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Overview

In recent years, Mexican films have received high acclaim and impressive box-office returns. Moreover, Mexico has the most advanced movie industry in the Spanish-speaking world, and its impact on Mexican culture and society cannot be overstated. Mexico's Cinema: A Century of Film and Filmmakers is a collection of fourteen essays that encompass the first 100 years of the cinema of Mexico. Included are original contributions written specifically for this title, plus a few classic pieces in the field of Mexican cinema studies never before available in English. These essays explore a variety of themes including race and ethnicity, gender issues, personalities, and the historical development of a national cinematic style. Each of the book's three sections-The Silent Cinema, The Golden Age, and The Contemporary Era-is preceded by a short introduction to the period and a presentation of the major themes addressed in the section. This insightful anthology is the first published study that includes pieces by Mexican and North American scholars, including a piece by the internationally acclaimed essayist Carlos Monsivais. Contributors include other acclaimed scholars and critics as well as young scholars who are currently making their mark in the area of film studies of Mexico. These authors represent various fields-community studies, film studies, cultural history, ethnic studies, and gender studies-making this volume an interdisciplinary resource, important for courses in Latin America and Third World cinema, Mexican history and culture, and Chicana/o and ethnic studies.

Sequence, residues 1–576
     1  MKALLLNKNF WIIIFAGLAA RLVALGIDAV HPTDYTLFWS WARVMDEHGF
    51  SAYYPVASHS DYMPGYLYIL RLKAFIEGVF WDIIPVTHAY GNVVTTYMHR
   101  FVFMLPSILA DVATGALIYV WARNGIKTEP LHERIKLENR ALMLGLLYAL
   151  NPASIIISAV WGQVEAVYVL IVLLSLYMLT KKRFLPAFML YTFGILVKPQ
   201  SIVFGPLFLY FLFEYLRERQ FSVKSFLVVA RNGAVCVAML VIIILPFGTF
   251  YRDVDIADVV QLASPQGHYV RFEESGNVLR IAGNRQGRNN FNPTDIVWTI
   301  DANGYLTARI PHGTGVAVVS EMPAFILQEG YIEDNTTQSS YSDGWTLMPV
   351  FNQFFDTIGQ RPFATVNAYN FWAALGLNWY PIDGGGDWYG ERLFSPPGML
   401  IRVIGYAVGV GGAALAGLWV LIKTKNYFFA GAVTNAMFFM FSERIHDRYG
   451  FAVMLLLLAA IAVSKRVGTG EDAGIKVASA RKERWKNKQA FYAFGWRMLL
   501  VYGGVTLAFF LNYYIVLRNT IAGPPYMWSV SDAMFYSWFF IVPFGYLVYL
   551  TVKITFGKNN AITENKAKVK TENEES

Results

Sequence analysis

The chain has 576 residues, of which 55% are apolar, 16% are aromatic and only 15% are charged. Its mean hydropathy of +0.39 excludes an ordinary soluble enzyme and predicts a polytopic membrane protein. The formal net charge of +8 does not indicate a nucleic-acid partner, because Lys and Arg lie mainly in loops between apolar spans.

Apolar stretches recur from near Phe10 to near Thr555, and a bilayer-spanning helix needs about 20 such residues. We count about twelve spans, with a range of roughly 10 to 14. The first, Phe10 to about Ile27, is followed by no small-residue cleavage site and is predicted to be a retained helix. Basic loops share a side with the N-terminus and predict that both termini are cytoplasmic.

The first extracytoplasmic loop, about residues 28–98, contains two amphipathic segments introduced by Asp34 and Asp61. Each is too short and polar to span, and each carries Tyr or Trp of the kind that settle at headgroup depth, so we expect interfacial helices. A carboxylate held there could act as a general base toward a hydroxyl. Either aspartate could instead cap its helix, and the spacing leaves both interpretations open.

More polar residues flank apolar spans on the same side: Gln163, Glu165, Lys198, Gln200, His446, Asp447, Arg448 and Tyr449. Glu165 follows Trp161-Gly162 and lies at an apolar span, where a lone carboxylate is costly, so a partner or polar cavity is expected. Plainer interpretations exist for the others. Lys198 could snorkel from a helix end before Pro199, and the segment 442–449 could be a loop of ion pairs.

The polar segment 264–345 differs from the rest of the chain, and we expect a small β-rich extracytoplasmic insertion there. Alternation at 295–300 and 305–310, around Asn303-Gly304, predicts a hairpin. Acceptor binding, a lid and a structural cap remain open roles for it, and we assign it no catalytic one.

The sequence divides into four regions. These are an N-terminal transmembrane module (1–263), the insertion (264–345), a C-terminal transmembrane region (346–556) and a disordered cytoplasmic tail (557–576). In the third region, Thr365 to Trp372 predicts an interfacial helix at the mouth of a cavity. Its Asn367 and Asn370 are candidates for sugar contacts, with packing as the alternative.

Product Details

ISBN-13: 9780842026826
Publisher: Rowman & Littlefield Publishers, Inc.
Publication date: 11/01/1999
Series: Latin American Silhouettes Series
Edition description: New Edition
Pages: 313
Product dimensions: 5.79(w) x 9.00(h) x 0.87(d)

About the Author

Joanne Hershfield teaches media studies and production at the University of North Carolina at Chapel Hill. David R. Maciel is professor of history and chairperson of the Department of Chicano/Chicana Studies at California State University.

Table of Contents

Part 1 Part I: The Silent Cinema Chapter 2 In Quest of a National Cinema: The Silent Era Chapter 3 The Birth of the Film Industry and the Emergence of Sound Part 4 Part II: The Golden Age Chapter 5 Adela Sequeyro and Matilde Landeta: Two Pioneer Women Directors Chapter 6 Cantinflas and Tin Tan: Mexico's Greatest Comedians Chapter 7 Race and Ethnicity in the Classical Cinema Chapter 8 Melodrama and Social Comedy in the Cinema of the Golden Age Chapter 9 From Collaboration to Containment: Hollywood and the International Political Economy of Mexican Cinema after the Second World War Chapter 10 The Decline of the Golden Age and the Making of the Crisis Part 11 Part III: The Contemporary Era Chapter 12 Cinema and the State in Contemporary Mexico, 1970-1999 Chapter 13 Reconstructing the Border: Mexican Border Cinema and Its Relationship to Its Audience Chapter 14 Women and Gender Representation in the Contemporary Cinema of Mexico Chapter 15 Authentically Mexican?: Mi Querido Tom Mix and Cronos Reframe Critical Questions

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